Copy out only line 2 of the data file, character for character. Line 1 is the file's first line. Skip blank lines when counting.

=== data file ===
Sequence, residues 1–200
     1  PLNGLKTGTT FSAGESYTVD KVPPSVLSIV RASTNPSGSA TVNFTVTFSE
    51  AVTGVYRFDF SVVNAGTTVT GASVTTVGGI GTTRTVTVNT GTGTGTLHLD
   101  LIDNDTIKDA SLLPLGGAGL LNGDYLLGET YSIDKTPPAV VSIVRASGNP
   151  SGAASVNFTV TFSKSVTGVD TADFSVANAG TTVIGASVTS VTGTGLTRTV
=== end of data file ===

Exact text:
     1  PLNGLKTGTT FSAGESYTVD KVPPSVLSIV RASTNPSGSA TVNFTVTFSE